Silent Ischemia: Ischemia with No Pain

Ischemia is a condition in which the blood flow (and thus oxygen) is restricted or reduced in a part of the body. Cardiac ischemia is the name for decreased blood flow and oxygen to the heart muscle.
What is ischemic heart disease? It’s the term given to heart problems caused by narrowed heart arteries. When arteries are narrowed, less blood and oxygen reaches the heart muscle. This is also called coronary artery disease and coronary heart disease. This can ultimately lead to heart attack.
Ischemia often causes chest pain or discomfort known as angina pectoris.
What is silent ischemia?
Many Americans may have ischemic episodes without knowing it. These people have ischemia without pain — silent ischemia. They may have a heart attack with no prior warning. People with angina also may have undiagnosed episodes of silent ischemia. In addition, people who have had previous heart attacks or those with diabetes are especially at risk for developing silent ischemia.
Having an exercise stress test or wearing a Holter monitor – a battery-operated portable tape recording that measures and records your electrocardiogram (ECG) continuously, usually for 24-48 hours – are two tests often used to diagnose this problem. Other tests also may be used.






Best MdADVICE? Quit Smoking NOW!

Most smokers say they want to quit and many will make a New Year’s Resolution to quit in 2014. If this is your year to quit, here are five tips to help you along the way:
-Learn from past experiences. Most smokers have tried to quit in the past and sometimes people get discouraged thinking about previous attempts. Those experiences were necessary steps on the road to future success. Think about what helped you during those tries and what you’ll do differently in your next quit attempt.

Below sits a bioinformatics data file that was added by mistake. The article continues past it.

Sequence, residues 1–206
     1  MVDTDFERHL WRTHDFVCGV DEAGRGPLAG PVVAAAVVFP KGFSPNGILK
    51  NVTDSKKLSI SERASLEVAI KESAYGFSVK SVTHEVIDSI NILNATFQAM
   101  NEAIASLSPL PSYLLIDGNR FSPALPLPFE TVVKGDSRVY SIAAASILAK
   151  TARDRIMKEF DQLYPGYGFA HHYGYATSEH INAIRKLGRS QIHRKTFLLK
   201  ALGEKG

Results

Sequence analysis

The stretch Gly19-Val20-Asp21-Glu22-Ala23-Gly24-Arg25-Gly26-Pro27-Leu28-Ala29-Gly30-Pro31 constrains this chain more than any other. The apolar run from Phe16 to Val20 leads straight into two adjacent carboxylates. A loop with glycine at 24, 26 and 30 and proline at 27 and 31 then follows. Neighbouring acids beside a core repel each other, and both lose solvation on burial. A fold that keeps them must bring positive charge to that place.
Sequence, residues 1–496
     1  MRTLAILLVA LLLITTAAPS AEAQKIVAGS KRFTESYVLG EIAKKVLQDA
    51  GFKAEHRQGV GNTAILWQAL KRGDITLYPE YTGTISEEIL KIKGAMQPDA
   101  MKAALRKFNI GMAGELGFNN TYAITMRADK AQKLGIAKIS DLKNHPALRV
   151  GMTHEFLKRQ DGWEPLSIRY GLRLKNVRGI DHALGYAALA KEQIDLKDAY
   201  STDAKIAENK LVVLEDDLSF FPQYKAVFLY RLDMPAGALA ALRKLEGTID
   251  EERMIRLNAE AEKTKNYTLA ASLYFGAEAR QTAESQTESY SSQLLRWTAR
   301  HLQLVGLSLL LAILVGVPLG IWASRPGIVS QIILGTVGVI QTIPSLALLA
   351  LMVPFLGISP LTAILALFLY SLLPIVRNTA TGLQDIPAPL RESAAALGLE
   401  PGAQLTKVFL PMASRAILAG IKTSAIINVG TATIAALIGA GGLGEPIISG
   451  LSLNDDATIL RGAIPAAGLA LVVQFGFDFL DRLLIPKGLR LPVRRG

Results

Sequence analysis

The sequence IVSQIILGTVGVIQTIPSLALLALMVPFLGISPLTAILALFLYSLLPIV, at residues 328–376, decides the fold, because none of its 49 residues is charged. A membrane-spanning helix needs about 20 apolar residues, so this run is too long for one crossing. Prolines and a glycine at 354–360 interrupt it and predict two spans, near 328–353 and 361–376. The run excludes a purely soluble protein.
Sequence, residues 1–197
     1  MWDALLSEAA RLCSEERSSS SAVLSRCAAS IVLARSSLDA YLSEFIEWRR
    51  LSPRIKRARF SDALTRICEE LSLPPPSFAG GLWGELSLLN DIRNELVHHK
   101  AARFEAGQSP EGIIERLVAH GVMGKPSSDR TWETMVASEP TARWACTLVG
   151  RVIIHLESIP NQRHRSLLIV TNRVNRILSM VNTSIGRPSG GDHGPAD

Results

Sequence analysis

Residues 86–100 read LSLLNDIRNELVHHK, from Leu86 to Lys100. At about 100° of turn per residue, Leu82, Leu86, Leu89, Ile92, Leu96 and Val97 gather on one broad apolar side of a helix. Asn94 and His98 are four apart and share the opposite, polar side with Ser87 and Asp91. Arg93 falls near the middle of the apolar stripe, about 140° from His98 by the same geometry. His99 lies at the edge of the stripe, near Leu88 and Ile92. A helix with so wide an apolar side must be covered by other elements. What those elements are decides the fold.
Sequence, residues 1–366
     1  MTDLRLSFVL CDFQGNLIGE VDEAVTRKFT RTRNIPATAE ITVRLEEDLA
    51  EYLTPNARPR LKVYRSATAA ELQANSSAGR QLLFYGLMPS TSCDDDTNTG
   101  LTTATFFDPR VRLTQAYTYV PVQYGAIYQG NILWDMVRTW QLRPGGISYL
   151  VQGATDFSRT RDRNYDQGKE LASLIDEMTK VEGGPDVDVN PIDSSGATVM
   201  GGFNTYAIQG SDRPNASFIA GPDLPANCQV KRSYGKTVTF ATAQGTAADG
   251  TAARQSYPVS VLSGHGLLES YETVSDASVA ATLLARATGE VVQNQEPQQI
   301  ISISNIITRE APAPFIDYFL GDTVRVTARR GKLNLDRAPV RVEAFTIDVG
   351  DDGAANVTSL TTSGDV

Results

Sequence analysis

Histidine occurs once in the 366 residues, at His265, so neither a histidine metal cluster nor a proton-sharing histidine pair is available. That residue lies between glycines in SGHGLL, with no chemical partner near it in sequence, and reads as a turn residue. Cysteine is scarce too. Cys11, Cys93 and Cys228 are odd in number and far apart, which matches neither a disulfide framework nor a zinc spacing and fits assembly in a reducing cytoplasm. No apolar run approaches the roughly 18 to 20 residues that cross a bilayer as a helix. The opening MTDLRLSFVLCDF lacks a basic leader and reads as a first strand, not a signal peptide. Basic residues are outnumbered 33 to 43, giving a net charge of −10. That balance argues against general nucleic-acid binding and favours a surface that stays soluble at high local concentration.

-You don’t have to quit alone. Telling friends that you’re trying to quit and enlisting their support will help ease the process. Expert help is available from the American Lung Association and other groups. Friends who also smoke may even join you in trying to quit!
-Medication can help, if you know what to do. The seven FDA-approved medications (like nicotine patches or gum) really do help smokers quit. Most folks don’t use them correctly so be sure to follow the directions!
It’s never too late to quit. While it’s best to quit smoking as early as possible, quitting smoking at any age will enhance the length and quality of your life. You’ll also save money and avoid the hassle of going outside in the cold to smoke.
-Every smoker can quit. At the American Lung Association, we firmly believe that every smoker can quit. Each person needs to find the right combination of techniques for them and above all, they need to keep trying.